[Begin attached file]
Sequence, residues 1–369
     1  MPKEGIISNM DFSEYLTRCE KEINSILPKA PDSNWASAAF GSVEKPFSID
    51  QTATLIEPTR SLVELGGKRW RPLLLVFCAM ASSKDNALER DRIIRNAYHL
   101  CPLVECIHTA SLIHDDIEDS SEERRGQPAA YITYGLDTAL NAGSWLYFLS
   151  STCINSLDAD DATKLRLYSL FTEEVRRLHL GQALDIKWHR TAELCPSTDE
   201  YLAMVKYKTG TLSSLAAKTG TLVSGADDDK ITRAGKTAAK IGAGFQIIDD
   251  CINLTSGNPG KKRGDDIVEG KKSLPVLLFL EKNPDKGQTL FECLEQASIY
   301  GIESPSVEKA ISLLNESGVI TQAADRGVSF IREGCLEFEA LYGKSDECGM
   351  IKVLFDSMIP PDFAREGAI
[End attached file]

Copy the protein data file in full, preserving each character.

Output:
Sequence, residues 1–369
     1  MPKEGIISNM DFSEYLTRCE KEINSILPKA PDSNWASAAF GSVEKPFSID
    51  QTATLIEPTR SLVELGGKRW RPLLLVFCAM ASSKDNALER DRIIRNAYHL
   101  CPLVECIHTA SLIHDDIEDS SEERRGQPAA YITYGLDTAL NAGSWLYFLS
   151  STCINSLDAD DATKLRLYSL FTEEVRRLHL GQALDIKWHR TAELCPSTDE
   201  YLAMVKYKTG TLSSLAAKTG TLVSGADDDK ITRAGKTAAK IGAGFQIIDD
   251  CINLTSGNPG KKRGDDIVEG KKSLPVLLFL EKNPDKGQTL FECLEQASIY
   301  GIESPSVEKA ISLLNESGVI TQAADRGVSF IREGCLEFEA LYGKSDECGM
   351  IKVLFDSMIP PDFAREGAI